This will be in the next issue of the Brookdale College newspaper. Just wanted to post it here first because no one reads the paper and half the students don’t know of its existence.
Caesar had Gaul, Alexander had Persia, Hannibal conquered the Alps, and Wellington defeated Napoleon at Waterloo. But for Brookdale students, they have the Lincroft campus parking lot, a task so insurmountable that all it needs are rings of fire, spikes on the ground, and patrolling storm troopers with machine guns whose only orders are to shoot first, ask questions later. I enter the traffic circle on Newman Springs Road, not knowing what lies ahead. Will I fulfill my destiny and find a spot within twenty minutes, or do I give the nasty old woman I had for a driving instructor when I was 17 a run for her money?
In a way I feel like General George McClellan, attempting to invade Richmond on his Peninsula Campaign in 1862: I ride very slowly, gauging all my options. I take my time, searching every parking lot aimlessly while the inexperienced Robert E. Lee waits for me to make my move. Where will he let me park, I wonder? Shall it be lot one or lot two? Maybe four or six? Wait a second, this isn’t the Civil War, it’s a sadistic version of The Price is Right, only the price is never right because the only price there is comes in the form of the gasoline I burn trying to ride to Boston and back looking for a spot. Just like McClellan on the peninsula, I fail miserably. I’m no Napoleon, I know, but I feel intelligent enough to be able to do this. McClellan’s horses were tired, his men were hungry, his cannons were broken, and his enemy waited for him with an enormously overestimated amount of men, just like my tires wear out, gas runs low, and my brain melts and oozes out of my ears as I search for the astoundingly elusive answer I so desperately seek.
It has become so bad that some days I leave an hour before class, and for my math class on Mondays and Wednesdays, which runs only an hour and fifteen minutes, I find that I spend more time in the car and walking than actually doing the math in a class I paid handsomely to attend. I don’t mind a long walk, especially in the spring when we can all use a nice breath of a fresh air, but since Mother Nature seems to have it in for us this winter, and snow is mounting in the five degree January temperature, it is not an enjoyable feat, having to walk a mile round trip from the parking spot to the building. In fact, I have stopped looking close to the buildings because I will only annoy myself further. I will not let the Parking Lot Gods trick me into playing their game; I will end the misery rather early, and settle for a spot near the reflecting pool of the Washington Monument.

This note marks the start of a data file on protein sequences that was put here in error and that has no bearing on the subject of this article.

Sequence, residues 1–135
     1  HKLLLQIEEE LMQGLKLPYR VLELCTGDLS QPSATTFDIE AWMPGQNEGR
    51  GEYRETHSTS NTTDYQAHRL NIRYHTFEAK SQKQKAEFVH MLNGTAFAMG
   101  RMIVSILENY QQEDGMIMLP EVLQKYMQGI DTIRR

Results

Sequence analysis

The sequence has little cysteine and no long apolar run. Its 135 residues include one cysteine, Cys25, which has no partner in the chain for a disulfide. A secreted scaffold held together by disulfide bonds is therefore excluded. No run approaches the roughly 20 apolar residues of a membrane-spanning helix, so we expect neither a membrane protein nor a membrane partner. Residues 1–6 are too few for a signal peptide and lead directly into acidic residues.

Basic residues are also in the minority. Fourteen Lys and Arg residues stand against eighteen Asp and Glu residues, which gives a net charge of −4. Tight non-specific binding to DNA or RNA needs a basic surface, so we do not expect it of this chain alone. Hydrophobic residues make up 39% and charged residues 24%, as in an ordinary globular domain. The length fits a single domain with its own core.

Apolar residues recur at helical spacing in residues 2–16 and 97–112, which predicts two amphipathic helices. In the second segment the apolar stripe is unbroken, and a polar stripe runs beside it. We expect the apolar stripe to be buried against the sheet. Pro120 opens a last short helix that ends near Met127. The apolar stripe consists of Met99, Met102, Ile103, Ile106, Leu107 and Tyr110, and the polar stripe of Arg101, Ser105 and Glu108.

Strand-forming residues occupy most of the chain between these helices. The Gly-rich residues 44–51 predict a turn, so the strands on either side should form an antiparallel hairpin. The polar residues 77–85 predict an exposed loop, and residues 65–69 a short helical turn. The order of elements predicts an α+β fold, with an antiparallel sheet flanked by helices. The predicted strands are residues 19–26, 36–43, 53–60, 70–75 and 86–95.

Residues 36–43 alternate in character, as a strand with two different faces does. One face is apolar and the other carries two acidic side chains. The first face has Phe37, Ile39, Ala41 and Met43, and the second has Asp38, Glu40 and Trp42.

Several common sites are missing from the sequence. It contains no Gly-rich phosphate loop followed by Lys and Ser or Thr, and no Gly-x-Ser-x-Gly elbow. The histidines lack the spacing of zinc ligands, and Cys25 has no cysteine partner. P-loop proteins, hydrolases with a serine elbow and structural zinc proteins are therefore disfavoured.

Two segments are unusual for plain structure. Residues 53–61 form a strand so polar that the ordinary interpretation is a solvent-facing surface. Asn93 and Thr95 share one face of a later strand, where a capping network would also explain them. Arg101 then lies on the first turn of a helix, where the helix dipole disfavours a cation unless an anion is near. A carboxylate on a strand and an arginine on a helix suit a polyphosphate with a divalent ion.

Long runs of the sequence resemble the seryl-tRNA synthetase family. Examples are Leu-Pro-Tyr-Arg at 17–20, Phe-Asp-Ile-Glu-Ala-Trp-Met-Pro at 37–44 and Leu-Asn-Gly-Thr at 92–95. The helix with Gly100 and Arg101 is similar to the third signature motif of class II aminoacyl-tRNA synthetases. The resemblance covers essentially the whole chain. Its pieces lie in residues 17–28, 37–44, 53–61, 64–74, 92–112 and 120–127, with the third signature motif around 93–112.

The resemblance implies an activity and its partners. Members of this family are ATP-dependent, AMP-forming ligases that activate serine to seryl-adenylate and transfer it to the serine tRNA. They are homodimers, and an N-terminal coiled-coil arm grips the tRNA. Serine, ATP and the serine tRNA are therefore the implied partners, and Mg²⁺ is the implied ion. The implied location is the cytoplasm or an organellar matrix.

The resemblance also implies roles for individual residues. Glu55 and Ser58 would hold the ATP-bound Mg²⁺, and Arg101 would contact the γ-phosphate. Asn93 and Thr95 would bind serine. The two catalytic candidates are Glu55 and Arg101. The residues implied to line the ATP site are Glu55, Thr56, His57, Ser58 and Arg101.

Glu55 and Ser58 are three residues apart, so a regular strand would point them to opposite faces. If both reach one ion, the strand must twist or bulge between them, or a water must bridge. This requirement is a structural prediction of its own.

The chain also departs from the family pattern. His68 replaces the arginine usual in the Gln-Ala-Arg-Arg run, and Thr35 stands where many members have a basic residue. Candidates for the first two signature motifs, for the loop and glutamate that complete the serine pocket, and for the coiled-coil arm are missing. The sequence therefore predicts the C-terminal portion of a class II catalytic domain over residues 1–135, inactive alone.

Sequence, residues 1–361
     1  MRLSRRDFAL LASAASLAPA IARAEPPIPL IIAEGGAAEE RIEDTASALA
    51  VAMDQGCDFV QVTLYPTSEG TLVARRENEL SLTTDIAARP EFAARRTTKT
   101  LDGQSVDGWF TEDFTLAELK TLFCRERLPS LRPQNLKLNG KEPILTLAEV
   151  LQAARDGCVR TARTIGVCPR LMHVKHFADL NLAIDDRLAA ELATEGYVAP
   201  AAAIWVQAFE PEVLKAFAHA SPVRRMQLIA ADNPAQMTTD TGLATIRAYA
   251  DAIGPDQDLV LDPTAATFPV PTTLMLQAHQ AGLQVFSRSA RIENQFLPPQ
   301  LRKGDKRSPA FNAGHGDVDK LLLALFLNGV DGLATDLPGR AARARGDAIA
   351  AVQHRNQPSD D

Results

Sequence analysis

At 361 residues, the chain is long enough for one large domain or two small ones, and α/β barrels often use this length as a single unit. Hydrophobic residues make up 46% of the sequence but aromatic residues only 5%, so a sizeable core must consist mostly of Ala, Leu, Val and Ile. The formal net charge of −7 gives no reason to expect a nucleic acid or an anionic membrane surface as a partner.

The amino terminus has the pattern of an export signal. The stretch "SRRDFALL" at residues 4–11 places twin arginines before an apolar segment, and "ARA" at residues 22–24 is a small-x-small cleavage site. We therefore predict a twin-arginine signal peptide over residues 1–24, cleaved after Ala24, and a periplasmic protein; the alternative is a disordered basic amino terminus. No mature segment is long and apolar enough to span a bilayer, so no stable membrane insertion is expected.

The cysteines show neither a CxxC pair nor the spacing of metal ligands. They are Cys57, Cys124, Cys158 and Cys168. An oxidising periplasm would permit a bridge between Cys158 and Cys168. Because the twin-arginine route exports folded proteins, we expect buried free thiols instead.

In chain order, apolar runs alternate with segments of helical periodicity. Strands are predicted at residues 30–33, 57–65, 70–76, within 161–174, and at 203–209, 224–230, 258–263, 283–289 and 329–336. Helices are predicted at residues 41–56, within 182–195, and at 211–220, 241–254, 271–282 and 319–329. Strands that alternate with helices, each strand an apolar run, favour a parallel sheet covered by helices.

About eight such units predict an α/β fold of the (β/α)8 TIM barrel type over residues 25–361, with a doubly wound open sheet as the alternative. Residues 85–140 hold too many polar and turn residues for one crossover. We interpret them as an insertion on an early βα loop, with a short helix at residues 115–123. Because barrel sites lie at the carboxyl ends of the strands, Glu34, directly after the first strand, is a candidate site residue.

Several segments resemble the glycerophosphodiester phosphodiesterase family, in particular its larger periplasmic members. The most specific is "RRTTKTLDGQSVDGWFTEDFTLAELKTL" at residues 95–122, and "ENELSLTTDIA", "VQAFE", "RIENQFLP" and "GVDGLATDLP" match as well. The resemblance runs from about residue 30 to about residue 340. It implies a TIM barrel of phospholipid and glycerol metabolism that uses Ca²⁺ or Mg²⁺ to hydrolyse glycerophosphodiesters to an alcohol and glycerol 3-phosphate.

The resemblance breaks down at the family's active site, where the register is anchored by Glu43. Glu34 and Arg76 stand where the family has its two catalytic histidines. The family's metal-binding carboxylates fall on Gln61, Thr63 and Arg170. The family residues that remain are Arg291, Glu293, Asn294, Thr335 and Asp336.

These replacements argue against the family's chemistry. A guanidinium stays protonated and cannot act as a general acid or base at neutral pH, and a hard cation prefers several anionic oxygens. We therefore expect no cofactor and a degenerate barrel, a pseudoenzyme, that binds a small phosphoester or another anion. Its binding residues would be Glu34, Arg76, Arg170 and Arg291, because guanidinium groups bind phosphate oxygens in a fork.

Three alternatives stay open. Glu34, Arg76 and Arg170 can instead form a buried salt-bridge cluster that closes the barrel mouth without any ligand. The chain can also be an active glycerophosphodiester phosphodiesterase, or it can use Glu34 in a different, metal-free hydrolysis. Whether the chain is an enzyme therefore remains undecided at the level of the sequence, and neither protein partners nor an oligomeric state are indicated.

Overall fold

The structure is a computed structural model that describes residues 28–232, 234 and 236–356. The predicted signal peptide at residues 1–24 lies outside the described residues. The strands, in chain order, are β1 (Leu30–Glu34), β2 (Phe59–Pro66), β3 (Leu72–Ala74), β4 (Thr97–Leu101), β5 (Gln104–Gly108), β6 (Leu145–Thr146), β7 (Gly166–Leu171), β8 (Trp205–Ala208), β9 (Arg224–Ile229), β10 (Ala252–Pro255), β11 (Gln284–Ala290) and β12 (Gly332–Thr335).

Should the federal government decide to abolish the death penalty on a national level and look for a punishment of equal or greater value, they should let prisoners on death row wander around the Brookdale parking lot on Monday mornings at 11 am. Within an hour, they would be begging for mercy. Then, if the college front office needs another course for the semester plan, they can have Driving 101: Navigating Lincroft like Magellan, in which students can, for credit, try to park their car in lot four on Wednesdays at 10:30. Should they succeed, they are to receive their diploma and a 4.0 GPA immediately, not having to take any additional courses. The credits they receive will then only be transferable to Harvard and Yale.
But all this complaining would be moot without a solution, correct? It would be like a history major having to take math and chemistry classes; the professors can throw all the numbers they want at you, but at the end of the day it is still meaningless and irrelevant to life and the future. What the heads of Brookdale should do to fix this problem is to first, chop down all of the trees by the main entrance way of the campus. Since when have humans ever cared about nature anyway? Cut them all down; after all, it’s not like they produce breathable oxygen or anything like that. The second option is to fill in the bordering lake. There would be no harm in that because there are plenty of fish in the oceans that haven’t been killed off or contaminated by mercury. Lastly, there is the possibility of demolishing the entire campus and making room that way, but I guess that would defeat the purpose of a parking lot, right?
Basically, if you catch my drift, this is a problem that has no solution, and that is an even bigger problem than the one at hand. How did this situation create itself? What went wrong? Did the Parking Spot Fairy just come down from the heavens one day and zap up the spaces? Please find out for me, because as of right now, the secret to finding a good spot at the Lincroft campus is leaving your car in the driveway and walking from home.